Referring now to FIG. 3, a temperature versus transmission curve is shown for the thermochromic material used in FIG. 2. Temperature is again represented on the vertical axis and transmission of light through the thermochromic coating represented on is the horizontal axis. Temperature of the thermochromic coating 11 and the transmission of light through the coating are a function of the curve 34. One exemplary suitable thermochromic material used in the coating will exhibit approximately zero percent transmission and will appear opaque at ambient temperature as indicated by the area of the curve 34 denoted by the reference numeral 36. As the temperature of the coating and thermochromic material increases toward steady state, the light transmission through the coating will gradually increase following the curve 34 eventually approaching substantially 100% at the steady state temperature 38. Preferably, the thermochromic material is chosen such that at the ambient temperature range of a typical room the thermochromic material appears opaque or nontransmissive, yet it reaches close to 100% transmission at or before the typical steady state temperature that the coating is expected to reach on the energized light bulb. As the temperature of the coating is related to the time from turning on the light bulb as illustrated in FIG. 2 by the curve 30, the transmissive response time of the device can be slowed by choosing materials which would shift the curve 34 toward the left in FIG. 3, or material could be chosen with faster response time which would shift the curve towards the right.
The transmission versus time curves for three different thermochromic materials are illustrated in FIG. 4. In FIG. 4, transmission is represented on the vertical axis and time is represented on the horizontal axis. Transmission versus time curves for thermochromic materials having transition temperatures of 40° C., 50° C. and 60° C. are shown in the figure by the curves 42, 44 and 46, respectively. The transition temperature of a thermochromic material is the temperature at which the material undergoes the greatest amount of change from opaque to transmissive. However, it will be recognized that the material undergoes a lesser degree of change over a broad temperature range encompassing the transition temperature.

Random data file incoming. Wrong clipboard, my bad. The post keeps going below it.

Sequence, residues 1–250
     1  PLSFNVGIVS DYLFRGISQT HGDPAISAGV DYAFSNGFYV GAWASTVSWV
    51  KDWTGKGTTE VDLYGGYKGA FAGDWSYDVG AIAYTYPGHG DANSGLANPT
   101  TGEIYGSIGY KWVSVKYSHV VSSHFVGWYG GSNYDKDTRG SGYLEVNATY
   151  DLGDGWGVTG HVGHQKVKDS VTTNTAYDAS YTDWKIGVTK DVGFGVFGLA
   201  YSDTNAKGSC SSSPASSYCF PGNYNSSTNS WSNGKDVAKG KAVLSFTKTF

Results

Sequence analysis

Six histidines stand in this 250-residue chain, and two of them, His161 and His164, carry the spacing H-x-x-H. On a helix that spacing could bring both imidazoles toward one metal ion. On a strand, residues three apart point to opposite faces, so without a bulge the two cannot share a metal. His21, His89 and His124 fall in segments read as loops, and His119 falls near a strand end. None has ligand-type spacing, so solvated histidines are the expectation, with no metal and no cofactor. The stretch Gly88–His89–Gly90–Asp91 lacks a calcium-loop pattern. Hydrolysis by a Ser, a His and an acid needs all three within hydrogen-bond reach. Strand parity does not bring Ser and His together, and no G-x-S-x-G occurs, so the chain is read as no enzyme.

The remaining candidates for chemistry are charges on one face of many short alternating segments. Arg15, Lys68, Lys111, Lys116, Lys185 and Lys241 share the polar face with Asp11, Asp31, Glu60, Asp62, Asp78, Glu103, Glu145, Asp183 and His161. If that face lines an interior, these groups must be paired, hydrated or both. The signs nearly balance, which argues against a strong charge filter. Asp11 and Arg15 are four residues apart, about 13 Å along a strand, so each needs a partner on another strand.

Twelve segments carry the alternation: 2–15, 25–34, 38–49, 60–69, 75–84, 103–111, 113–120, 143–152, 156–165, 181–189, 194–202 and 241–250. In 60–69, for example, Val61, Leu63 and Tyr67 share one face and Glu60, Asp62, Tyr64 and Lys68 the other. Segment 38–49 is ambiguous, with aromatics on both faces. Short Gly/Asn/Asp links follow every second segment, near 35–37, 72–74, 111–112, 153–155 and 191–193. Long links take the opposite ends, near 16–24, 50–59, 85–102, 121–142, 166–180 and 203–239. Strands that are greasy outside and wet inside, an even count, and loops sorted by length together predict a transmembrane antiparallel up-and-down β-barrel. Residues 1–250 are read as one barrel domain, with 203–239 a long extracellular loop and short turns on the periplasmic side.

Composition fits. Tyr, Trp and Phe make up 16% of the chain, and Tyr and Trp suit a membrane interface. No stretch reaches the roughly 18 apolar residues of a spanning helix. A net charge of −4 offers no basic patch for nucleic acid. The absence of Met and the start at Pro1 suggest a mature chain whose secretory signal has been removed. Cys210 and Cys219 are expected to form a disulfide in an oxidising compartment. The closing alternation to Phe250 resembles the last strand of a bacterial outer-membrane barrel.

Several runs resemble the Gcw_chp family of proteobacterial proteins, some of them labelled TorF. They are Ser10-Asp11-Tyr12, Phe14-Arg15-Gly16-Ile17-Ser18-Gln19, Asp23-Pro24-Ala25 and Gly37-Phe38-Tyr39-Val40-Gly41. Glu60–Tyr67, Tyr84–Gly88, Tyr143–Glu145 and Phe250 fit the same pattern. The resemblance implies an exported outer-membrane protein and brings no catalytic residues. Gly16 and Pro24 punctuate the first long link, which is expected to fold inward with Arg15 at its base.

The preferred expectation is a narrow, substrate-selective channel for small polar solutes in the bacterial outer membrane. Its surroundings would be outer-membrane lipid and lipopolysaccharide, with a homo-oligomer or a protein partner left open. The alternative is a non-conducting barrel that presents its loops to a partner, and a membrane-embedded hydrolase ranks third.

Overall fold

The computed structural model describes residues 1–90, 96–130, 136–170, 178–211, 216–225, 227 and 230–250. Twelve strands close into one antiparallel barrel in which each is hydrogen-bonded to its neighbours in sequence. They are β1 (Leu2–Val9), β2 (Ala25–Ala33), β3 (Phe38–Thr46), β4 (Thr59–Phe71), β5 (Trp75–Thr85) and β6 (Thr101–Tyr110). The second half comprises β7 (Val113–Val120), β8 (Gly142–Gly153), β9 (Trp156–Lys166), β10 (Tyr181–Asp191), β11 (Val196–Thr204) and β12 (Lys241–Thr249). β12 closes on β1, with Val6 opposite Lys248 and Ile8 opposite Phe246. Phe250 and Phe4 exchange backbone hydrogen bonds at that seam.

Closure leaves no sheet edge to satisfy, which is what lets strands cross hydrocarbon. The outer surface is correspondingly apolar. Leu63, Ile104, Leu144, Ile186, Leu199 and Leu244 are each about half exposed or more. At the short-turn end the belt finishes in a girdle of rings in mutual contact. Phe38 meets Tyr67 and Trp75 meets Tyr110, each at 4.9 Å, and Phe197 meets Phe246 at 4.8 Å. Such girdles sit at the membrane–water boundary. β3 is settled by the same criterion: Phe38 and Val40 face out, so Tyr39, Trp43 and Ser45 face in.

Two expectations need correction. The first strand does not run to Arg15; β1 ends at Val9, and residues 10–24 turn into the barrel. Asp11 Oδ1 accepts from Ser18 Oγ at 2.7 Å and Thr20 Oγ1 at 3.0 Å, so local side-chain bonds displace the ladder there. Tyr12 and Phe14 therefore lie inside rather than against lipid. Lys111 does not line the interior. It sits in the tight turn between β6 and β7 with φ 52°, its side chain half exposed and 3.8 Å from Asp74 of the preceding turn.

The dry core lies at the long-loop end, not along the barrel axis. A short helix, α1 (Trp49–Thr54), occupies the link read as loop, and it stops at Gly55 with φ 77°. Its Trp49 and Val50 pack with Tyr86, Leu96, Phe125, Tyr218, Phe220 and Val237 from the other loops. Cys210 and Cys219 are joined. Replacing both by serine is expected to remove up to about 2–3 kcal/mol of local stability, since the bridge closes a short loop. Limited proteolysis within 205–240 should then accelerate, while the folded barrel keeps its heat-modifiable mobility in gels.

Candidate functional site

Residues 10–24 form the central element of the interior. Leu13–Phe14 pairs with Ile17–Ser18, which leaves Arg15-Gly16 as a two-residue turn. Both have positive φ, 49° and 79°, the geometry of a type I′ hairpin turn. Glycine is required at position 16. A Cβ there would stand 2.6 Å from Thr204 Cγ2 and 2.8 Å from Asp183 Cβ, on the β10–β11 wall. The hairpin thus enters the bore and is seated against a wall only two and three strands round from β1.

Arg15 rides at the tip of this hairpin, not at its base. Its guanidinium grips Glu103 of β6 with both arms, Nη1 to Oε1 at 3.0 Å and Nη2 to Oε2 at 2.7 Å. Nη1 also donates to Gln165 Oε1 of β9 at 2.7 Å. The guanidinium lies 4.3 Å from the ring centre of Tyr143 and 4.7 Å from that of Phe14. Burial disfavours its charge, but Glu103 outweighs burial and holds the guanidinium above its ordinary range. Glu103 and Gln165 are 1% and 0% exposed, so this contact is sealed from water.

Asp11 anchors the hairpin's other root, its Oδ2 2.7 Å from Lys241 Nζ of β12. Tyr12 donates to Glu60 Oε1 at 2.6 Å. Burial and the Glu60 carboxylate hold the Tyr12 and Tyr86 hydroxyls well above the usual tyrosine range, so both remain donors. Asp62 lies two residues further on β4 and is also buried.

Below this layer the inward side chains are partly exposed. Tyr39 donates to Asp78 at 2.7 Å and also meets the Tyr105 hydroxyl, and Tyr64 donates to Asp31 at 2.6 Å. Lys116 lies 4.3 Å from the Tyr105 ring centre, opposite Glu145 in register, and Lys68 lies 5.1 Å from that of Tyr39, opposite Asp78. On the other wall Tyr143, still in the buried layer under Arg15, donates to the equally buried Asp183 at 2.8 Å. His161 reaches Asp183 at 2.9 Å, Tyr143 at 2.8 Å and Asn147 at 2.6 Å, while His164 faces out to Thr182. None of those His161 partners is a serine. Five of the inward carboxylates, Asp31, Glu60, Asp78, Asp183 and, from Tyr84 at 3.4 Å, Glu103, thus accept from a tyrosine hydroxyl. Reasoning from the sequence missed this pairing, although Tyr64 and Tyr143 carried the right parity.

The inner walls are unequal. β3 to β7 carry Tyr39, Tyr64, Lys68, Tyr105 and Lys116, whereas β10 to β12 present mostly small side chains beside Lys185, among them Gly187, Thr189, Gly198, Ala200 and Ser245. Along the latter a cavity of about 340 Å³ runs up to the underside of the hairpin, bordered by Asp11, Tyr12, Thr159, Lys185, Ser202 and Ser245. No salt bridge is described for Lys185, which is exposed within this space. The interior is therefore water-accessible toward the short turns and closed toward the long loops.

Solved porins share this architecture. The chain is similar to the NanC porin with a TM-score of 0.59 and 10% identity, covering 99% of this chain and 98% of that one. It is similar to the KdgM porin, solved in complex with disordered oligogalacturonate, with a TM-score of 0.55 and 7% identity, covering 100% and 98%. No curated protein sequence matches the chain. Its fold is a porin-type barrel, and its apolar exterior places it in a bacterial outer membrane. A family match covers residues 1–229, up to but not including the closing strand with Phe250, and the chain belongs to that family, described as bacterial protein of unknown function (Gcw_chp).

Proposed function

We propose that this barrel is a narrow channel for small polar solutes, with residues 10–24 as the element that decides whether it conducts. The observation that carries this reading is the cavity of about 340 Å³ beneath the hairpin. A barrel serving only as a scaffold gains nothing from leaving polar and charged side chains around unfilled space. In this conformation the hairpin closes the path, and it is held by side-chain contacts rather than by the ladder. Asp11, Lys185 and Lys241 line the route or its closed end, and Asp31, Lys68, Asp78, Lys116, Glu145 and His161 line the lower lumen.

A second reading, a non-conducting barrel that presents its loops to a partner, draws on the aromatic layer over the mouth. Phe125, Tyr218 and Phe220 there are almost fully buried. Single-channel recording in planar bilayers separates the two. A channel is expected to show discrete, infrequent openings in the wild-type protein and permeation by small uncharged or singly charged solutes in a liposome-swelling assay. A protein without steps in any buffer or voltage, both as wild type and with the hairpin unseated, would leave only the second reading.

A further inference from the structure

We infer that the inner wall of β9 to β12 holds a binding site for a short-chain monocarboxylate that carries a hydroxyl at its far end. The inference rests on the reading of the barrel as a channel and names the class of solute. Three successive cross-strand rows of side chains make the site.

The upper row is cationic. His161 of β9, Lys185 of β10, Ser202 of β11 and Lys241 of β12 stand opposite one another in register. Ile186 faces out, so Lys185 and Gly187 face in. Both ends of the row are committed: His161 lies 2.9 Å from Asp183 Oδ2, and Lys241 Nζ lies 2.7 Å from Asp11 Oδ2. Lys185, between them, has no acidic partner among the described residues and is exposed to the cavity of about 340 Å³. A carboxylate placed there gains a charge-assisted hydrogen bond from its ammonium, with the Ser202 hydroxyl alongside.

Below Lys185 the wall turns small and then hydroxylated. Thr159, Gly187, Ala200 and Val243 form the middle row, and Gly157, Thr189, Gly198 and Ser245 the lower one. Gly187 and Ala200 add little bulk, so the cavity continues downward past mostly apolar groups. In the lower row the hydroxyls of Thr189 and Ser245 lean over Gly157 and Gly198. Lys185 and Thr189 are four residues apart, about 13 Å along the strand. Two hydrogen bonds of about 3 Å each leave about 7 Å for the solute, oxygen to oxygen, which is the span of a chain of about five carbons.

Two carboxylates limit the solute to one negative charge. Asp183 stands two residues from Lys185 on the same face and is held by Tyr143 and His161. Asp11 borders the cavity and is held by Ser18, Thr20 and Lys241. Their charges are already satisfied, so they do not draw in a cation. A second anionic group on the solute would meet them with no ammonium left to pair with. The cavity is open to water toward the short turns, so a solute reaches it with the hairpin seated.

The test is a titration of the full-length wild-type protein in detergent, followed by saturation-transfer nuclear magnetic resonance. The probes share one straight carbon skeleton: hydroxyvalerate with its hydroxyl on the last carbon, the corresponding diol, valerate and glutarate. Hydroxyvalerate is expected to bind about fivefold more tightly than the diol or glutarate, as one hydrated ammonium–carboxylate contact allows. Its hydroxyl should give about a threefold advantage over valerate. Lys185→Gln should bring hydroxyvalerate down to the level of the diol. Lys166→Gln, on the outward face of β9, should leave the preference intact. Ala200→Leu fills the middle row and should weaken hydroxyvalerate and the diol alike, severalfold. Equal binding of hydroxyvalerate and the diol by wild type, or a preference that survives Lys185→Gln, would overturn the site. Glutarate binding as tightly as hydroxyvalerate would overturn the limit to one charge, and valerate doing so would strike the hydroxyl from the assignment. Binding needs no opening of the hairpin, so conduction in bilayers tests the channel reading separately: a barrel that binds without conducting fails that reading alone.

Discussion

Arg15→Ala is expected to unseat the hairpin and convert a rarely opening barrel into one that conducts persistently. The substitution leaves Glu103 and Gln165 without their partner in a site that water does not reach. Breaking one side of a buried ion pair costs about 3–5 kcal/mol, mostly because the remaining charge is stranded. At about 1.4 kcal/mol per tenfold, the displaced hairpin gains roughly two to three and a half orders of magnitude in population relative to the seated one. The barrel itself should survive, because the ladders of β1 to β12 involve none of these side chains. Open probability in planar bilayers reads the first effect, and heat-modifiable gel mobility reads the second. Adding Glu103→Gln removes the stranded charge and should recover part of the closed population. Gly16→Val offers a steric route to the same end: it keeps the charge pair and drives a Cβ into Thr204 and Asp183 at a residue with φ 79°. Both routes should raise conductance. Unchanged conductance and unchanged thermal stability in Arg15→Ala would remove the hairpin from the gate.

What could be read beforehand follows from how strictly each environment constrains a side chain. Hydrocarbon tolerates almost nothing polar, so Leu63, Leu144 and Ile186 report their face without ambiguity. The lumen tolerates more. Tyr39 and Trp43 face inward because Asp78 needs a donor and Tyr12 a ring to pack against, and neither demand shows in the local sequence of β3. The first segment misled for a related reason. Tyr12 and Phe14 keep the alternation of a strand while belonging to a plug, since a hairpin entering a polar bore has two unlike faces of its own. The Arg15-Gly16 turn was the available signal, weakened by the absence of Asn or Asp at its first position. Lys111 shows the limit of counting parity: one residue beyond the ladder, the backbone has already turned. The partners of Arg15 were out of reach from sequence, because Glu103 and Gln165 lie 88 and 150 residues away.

As can be seen from FIG. 4, the thermochromic material having a transition temperature of 40° C. becomes progressively more transmissive relatively faster than the thermochromic materials having higher transition temperatures. Consequently, by knowing the temperature versus time curve of the envelope of the light bulb a shown in FIG. 4, one can choose an appropriate thermochromic material which will proceed from its opaque to transmissive states at the proper rate. As would be evident, for a higher wattage bulb which would generally heat up more rapidly than a lower wattage bulb of the same envelope size, to maintain a gradual brightening of the transmitted light a thermochromic material having a higher transition temperature would be chosen. It will also be noted from the figures that the transition from opaque to transmissive states is not instantaneous but rather gradual as indicated by the curves.